It is important to understand that the needs of every child are different, and that some require additional and more personalised help. The best SEN providers are those who are able to tailor support to individual child needs. One school from the Outstanding Schools Project, Finham Park in Coventry, ensures that when pupils have certain additional requirements, further measures are taken to remove unnecessary pressure.
Pauline Parkes, Finham’s inclusion manager, said: “We personalise timetables in certain situations to enable children to have more time to put towards their studies, which can be difficult to achieve during lesson time.
“We can provide children with extra time to spend in the Personalised Learning Centre (PLC) to do any work which is necessary to help students get the most out of lessons, or to help them with homework so that they are supported and can progress effectively.”
Caring for and encouraging pupils is key to their attainment and happiness at school, giving them the opportunity to grow in an environment in which they can realise their full potential. It is this simple concept which is implemented throughout Guiseley Secondary School, in Leeds. Guiseley focuses on nurture and ensures this concept of caring support is incorporated throughout the curriculum, so that all pupils are able to foster a positive attitude of independence and self-sufficiency. ‘Nurture groups’ are created to realise the best academic progress for pupils, and are small in size to allow students to better focus and avoid distraction.
As part of the nurture provision at Guiseley, staff break down work modules into smaller, more manageable tasks so that students can focus on small steps at a time.
Garry Freeman, director of inclusion and SENCO at Guiseley, said: “That way, they can experience success before moving onto the following task, then have success with that one before moving onto the next. It’s a very structured approach which we feel works tremendously well for building self-confidence and self-esteem.”
Seeking additional help
Providing high quality SEN support across a whole school is no simple task. SENCOs should therefore not feel uncomfortable in seeking additional, external professional help. One of nasen’s Outstanding Schools, Frederick Bird Primary, receives regular support from external agencies who are educational experts. This ensures that the needs of all pupils are fulfilled, as assistant headteacher for inclusion, Natalie Franklin-Hackett, elucidates.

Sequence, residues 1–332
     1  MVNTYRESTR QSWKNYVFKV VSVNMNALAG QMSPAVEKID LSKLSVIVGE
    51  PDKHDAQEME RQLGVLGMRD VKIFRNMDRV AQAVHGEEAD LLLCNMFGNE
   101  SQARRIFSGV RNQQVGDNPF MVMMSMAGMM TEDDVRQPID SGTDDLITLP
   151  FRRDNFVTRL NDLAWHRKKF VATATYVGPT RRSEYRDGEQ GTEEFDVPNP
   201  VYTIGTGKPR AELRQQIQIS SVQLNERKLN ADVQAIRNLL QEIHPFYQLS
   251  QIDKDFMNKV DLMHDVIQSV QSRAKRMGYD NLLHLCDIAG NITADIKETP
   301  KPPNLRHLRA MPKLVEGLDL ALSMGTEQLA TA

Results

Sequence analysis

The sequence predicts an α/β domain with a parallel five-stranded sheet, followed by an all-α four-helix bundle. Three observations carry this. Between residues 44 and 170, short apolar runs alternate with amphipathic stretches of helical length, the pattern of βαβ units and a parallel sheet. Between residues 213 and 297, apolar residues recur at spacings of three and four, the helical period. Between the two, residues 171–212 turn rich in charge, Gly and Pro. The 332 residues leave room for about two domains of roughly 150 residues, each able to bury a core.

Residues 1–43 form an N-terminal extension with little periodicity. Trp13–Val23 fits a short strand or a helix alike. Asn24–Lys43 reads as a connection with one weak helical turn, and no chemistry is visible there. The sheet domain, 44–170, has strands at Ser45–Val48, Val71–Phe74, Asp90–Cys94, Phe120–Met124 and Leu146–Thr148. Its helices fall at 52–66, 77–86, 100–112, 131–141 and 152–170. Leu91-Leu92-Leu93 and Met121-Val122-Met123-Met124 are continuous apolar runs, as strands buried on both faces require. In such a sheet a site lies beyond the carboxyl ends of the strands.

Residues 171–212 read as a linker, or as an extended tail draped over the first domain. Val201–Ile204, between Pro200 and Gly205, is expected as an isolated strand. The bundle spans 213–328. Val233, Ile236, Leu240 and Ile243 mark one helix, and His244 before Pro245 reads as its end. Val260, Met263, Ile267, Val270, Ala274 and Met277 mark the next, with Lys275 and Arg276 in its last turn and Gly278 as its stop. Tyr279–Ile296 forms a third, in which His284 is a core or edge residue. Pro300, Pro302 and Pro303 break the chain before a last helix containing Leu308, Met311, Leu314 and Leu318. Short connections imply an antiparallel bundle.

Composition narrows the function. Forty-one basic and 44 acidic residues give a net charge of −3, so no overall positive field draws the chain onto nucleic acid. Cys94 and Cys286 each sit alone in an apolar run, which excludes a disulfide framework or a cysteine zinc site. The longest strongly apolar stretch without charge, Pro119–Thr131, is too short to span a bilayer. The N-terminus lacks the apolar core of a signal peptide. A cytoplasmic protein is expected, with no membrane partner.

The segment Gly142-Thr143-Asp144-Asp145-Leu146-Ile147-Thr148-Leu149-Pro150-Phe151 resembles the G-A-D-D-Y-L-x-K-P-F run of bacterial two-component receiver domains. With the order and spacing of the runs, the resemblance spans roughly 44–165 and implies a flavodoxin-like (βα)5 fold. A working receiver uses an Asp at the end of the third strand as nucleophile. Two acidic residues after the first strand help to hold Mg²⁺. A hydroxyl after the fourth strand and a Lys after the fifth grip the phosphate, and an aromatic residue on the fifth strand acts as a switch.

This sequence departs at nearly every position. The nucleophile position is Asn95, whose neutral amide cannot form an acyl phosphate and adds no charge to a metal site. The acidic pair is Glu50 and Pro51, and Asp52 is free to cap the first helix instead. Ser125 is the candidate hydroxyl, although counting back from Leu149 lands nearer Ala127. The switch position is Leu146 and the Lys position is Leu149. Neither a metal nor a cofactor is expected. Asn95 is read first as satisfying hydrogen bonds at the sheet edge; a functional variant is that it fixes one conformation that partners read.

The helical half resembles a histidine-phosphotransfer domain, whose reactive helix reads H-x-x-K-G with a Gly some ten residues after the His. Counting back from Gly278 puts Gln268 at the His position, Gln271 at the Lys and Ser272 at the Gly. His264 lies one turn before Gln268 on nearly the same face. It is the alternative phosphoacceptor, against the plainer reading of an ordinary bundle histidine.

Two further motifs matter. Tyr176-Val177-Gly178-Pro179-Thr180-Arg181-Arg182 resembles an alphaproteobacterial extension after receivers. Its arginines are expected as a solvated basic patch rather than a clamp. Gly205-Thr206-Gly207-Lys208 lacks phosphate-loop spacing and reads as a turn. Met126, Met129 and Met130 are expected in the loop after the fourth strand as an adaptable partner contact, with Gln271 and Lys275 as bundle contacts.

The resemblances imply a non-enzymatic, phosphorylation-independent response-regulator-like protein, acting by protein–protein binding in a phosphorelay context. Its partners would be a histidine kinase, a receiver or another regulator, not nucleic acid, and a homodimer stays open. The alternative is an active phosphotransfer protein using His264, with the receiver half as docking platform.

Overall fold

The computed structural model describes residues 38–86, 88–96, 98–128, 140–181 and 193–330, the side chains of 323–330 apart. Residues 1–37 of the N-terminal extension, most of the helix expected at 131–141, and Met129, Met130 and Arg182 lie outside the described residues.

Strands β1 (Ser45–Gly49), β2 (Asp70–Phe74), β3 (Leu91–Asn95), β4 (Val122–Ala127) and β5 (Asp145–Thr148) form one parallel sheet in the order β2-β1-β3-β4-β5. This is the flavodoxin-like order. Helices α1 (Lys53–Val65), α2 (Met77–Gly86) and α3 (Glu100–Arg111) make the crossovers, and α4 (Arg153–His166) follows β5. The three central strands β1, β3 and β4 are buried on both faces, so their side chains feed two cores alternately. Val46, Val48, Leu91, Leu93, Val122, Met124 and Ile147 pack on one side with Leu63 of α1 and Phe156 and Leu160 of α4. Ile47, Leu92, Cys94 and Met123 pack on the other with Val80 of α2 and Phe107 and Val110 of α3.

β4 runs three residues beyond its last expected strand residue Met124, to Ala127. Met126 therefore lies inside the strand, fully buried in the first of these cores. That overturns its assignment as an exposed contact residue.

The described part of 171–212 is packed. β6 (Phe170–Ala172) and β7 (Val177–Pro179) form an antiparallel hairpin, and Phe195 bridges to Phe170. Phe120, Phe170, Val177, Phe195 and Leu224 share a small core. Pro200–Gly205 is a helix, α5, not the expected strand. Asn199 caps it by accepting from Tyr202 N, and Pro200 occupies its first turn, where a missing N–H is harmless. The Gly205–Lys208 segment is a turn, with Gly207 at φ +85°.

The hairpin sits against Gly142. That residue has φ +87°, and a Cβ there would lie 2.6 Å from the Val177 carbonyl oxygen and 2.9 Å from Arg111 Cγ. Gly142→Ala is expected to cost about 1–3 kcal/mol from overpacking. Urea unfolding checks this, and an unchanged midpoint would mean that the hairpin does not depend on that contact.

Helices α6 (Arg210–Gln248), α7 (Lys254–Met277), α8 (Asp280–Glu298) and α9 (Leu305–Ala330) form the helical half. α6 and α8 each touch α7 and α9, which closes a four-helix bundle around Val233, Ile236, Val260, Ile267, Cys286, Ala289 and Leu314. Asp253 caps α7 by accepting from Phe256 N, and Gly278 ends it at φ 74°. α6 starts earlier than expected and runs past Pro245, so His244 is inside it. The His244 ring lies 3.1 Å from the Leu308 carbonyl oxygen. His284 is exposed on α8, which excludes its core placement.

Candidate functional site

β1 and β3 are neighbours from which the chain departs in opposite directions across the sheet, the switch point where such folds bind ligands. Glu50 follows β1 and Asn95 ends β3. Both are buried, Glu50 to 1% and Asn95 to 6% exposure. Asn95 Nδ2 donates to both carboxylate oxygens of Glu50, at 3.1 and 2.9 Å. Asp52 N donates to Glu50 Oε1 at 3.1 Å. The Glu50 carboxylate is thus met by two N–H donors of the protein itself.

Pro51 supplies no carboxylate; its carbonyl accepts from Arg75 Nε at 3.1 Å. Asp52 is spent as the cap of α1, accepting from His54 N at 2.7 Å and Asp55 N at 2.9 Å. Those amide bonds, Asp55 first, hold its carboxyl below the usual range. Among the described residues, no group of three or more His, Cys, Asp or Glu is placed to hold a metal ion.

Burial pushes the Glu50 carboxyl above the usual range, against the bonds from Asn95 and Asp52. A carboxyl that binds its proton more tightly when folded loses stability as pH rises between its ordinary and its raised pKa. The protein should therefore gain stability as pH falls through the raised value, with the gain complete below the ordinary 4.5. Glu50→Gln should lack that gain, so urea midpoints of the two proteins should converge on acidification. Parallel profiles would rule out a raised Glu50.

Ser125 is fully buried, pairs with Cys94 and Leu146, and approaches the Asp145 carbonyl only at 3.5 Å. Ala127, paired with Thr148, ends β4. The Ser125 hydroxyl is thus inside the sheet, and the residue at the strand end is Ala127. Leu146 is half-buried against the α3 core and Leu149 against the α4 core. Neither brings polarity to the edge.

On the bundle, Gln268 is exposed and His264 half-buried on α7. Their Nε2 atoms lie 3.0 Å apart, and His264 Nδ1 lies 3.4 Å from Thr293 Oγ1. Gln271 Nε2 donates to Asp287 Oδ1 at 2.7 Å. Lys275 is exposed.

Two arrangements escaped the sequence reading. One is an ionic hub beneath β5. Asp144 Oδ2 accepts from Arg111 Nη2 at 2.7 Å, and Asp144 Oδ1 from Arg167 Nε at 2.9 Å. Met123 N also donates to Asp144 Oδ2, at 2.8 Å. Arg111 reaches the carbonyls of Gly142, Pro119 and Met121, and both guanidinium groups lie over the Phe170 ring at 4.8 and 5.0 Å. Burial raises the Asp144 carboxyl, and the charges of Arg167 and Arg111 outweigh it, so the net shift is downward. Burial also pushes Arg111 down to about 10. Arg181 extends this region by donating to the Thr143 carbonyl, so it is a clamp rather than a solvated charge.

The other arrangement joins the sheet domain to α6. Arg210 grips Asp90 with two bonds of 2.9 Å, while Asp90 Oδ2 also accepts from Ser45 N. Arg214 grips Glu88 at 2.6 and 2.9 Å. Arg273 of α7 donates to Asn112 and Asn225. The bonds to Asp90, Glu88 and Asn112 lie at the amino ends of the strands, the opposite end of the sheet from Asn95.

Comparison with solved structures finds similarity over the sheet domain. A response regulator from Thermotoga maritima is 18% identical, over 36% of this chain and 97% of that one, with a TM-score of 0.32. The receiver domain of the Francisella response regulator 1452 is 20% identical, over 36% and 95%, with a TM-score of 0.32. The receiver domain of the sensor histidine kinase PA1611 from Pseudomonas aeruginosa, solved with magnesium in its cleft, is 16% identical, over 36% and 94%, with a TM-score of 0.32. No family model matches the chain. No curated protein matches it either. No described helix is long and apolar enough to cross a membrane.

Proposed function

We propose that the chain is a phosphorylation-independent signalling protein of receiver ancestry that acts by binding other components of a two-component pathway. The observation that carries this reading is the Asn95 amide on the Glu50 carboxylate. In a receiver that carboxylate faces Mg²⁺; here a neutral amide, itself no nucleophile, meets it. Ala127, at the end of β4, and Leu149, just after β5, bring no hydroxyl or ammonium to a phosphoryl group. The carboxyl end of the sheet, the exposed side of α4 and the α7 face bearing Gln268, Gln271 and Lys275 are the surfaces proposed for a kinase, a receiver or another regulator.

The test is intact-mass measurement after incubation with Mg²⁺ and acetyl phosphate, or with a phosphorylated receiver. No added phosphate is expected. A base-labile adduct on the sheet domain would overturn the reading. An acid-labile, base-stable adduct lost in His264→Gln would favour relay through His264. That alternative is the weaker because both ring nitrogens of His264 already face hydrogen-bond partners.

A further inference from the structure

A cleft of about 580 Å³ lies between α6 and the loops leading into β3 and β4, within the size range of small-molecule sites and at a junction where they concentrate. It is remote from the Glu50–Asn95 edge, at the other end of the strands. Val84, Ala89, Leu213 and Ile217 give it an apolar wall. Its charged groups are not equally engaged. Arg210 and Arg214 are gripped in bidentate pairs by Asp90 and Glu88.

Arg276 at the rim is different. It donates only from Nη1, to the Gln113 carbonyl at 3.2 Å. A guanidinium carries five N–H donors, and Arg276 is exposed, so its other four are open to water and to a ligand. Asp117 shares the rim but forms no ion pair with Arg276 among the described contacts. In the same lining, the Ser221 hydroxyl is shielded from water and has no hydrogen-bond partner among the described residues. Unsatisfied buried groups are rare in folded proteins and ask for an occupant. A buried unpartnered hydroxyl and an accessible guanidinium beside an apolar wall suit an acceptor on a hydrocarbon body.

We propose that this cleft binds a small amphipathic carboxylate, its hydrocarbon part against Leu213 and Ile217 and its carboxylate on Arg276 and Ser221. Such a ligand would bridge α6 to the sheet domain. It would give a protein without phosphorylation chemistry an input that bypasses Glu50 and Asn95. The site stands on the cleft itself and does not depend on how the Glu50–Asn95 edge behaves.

She said: “As a school, we decided a couple of years ago to commission an outside agency to work alongside us, because the local authority could only offer us a limited amount of hours per term,” says Natalie. “We decided to get support from a clinical psychologist and an educational psychologist who could be here one day every week and become really embedded within the culture of the school.”
The educational psychologists were introduced to monitor and analyse student behaviour and help staff ensure the correct procedures were in place to support all SEN pupils within the classroom so that every child is included. Furthermore, the method allows teachers at Frederick Bird to positively utilise time in the classroom for the benefit of all pupils.
In another nasen Outstanding Schools Project example, Camberwell Park Primary seeks outside help from a physiotherapist who works with SEN children with special physiological needs, and helps train staff on how to best cater to these pupils.
Even the most talented SENCO may sometimes feel unconfident when it comes to managing a certain student’s needs, particularly during the transitional phases. As such, seeking help externally and gaining recommendations from bodies outside of the school is recommended in order to provide the best possible SEN practice. Our job at nasen is to provide support for professionals looking to better their knowledge, confidence and understanding in relation to SEN provision.
CPD events such as nasen Live 2015, or our Leadership Conference on 19 May are designed to bring together everything that school leaders and SENCOs need to know in relation to providing outstanding SEN support. Our aim is to ensure that schools are empowered to offer best practice to the people for whom it matters the most: the children and young people themselves.